September 22, 2012
By Jill W. Tallman
A little more than two years after he departed on a months-long mission to land a light sport aircraft in all 50 states, sport pilot Michael Combs will finally be able to check off that final, elusive destination: Hawaii.
Combs and his Remos GX will travel from Travis Air Force Base in Sacramento, Calif., next week, along with several other aircraft that are scheduled to fly at the 2012 Kaneohe Bay Airshow on Sept. 29 and 30. The Remos, known as Hope One, is listed as a performer along with the U.S. Navy Blue Angels, Kirby Chambliss, Mike Wiskus, and others.
The cross-country that Combs dubbed “The Flight for the Human Spirit” has taken him to 49 states and more than 200 airports. To get to Alaska, he had to take a private pilot with him to act as pilot in command in Canada airspace, because Combs would have needed a medical certificate to act as PIC in Canada.
Getting the Remos to Hawaii proved a stumper. Its 25-gallon range means it could not cross the swath of the Pacific Ocean between the California coast and Hawaii. And, while its wings can be folded so that it can be transported in a container, the cost of the transport—$20,000 was the estimate from one well-known overnight carrier—was prohibitive.
The Remos is to be airlifted to Hawaii on Sept. 25, along with other aircraft set to perform at the airshow. Once he has flown it in that state, Combs will be the first sport pilot to successfully fly the same aircraft into all 50 states, and Hope One will become the first LSA to touch down in all 50 states.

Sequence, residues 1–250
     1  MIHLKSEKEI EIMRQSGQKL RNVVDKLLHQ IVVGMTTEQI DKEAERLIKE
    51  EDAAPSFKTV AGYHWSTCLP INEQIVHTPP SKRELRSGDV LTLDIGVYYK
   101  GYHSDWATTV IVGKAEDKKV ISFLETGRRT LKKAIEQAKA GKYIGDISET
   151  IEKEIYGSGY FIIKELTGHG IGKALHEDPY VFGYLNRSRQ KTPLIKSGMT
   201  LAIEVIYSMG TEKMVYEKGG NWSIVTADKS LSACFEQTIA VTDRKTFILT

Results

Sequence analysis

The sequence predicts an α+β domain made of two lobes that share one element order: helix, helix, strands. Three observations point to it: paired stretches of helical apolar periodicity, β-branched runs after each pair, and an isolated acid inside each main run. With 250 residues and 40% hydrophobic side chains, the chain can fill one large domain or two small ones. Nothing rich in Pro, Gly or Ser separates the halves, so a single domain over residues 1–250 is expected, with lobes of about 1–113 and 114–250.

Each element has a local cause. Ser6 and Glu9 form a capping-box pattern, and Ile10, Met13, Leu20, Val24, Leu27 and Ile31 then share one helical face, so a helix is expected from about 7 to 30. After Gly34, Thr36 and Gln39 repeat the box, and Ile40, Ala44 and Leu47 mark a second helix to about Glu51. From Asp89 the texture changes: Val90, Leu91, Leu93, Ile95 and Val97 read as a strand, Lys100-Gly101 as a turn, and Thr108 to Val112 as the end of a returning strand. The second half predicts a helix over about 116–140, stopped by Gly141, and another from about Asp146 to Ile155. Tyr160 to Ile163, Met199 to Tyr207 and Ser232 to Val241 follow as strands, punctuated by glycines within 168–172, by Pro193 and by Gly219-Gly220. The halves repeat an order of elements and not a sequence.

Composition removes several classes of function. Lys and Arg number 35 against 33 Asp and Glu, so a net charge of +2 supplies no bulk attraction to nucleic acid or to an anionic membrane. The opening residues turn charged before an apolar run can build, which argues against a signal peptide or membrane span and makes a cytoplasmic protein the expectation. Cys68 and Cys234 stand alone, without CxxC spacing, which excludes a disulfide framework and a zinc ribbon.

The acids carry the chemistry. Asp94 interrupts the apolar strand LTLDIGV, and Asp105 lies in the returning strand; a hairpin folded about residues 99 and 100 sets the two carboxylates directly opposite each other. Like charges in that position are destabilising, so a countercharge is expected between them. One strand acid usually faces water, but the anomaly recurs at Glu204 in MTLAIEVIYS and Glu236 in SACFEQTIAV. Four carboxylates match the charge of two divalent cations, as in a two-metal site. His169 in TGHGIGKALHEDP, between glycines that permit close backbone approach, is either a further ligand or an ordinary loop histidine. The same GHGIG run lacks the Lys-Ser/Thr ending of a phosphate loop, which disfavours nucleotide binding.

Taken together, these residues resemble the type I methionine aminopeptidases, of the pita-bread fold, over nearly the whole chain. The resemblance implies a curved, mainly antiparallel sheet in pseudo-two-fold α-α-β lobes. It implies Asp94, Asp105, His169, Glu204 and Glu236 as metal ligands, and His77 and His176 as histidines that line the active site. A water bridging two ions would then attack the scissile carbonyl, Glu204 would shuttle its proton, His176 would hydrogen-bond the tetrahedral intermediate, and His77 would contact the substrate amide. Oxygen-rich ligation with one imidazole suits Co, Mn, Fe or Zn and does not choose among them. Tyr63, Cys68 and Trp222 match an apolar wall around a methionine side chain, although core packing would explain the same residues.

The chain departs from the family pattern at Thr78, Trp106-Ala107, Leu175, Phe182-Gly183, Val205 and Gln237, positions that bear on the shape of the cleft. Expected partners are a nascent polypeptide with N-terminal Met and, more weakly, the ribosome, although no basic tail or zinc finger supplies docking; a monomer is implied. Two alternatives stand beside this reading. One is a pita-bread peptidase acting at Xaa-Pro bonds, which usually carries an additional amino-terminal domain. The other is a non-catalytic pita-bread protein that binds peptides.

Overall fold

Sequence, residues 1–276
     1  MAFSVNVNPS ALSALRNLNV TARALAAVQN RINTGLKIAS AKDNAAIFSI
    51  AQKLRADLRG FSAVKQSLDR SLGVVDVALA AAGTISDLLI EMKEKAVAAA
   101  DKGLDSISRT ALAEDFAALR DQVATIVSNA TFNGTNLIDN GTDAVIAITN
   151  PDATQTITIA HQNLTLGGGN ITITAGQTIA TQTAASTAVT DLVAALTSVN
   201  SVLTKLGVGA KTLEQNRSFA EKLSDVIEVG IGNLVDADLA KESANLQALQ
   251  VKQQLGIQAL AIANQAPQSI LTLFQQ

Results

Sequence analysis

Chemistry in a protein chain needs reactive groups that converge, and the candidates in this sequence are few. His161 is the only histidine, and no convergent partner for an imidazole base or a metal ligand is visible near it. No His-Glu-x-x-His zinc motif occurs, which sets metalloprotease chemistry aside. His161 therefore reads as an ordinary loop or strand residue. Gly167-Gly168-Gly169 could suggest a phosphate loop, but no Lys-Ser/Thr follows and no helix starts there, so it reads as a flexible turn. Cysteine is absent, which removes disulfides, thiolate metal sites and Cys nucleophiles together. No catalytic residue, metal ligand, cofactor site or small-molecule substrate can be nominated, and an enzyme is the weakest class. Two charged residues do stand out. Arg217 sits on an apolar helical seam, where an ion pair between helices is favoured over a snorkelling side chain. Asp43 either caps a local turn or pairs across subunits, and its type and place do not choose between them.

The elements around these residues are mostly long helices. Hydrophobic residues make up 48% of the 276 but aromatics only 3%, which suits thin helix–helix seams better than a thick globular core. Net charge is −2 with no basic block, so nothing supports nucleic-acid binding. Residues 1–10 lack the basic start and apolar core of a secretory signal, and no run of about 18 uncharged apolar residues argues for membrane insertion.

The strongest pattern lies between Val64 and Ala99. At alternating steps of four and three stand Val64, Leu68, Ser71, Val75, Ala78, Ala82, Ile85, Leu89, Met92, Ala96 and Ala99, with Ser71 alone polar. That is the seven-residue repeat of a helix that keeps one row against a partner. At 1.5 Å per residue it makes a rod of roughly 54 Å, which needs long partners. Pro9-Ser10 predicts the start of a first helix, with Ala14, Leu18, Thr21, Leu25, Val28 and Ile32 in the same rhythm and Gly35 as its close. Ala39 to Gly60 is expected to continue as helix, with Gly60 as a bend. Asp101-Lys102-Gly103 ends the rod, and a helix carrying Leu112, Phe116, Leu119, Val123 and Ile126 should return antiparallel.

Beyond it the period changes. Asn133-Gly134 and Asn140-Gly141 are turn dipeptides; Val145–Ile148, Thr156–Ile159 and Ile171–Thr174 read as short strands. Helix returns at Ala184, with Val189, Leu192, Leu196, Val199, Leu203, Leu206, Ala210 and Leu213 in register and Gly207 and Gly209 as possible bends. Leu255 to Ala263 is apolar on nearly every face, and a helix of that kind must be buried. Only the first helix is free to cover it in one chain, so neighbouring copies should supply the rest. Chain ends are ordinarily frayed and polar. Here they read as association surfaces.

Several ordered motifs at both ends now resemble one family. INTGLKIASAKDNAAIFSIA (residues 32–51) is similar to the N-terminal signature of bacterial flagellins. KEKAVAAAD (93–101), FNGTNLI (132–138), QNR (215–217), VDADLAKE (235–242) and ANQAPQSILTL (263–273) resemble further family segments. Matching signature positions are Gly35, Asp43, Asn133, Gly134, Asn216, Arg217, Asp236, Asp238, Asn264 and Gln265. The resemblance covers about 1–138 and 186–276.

“We have a lot of fans around the world, and the comments of support have been amazing as word has spread of the upcoming success of this mission,” Combs said. Fans can track Combs’ progress on the website, on Facebook, and on Twitter.
AOPA Technical Editor Jill W. Tallman is an instrument-rated private pilot who owns a Piper Cherokee 140.
Light Sport Aircraft,
Safety and Education,
Pilot Health and Medical,
Pilot Training and Certification
The Flying Physicians Association (FPA) has become the latest group to lend support to third-class medical reform and urge government officials to speed up their review of the Federal Aviation Administration’s (FAA) notice of proposed rulemaking (NPRM). The NPRM would expand the number of pilots who could fly without needing to obtain a third-class medical certificate, a standard that has been successfully used by sport pilots for a decade.
California pilot Christopher Braun has created a revamped version of the cleco plier that is said to be lighter and more ergonomic.
There is no shortage of pilots in eastern Washington, but there does seem to be a scarcity of clubs in that part of the country.
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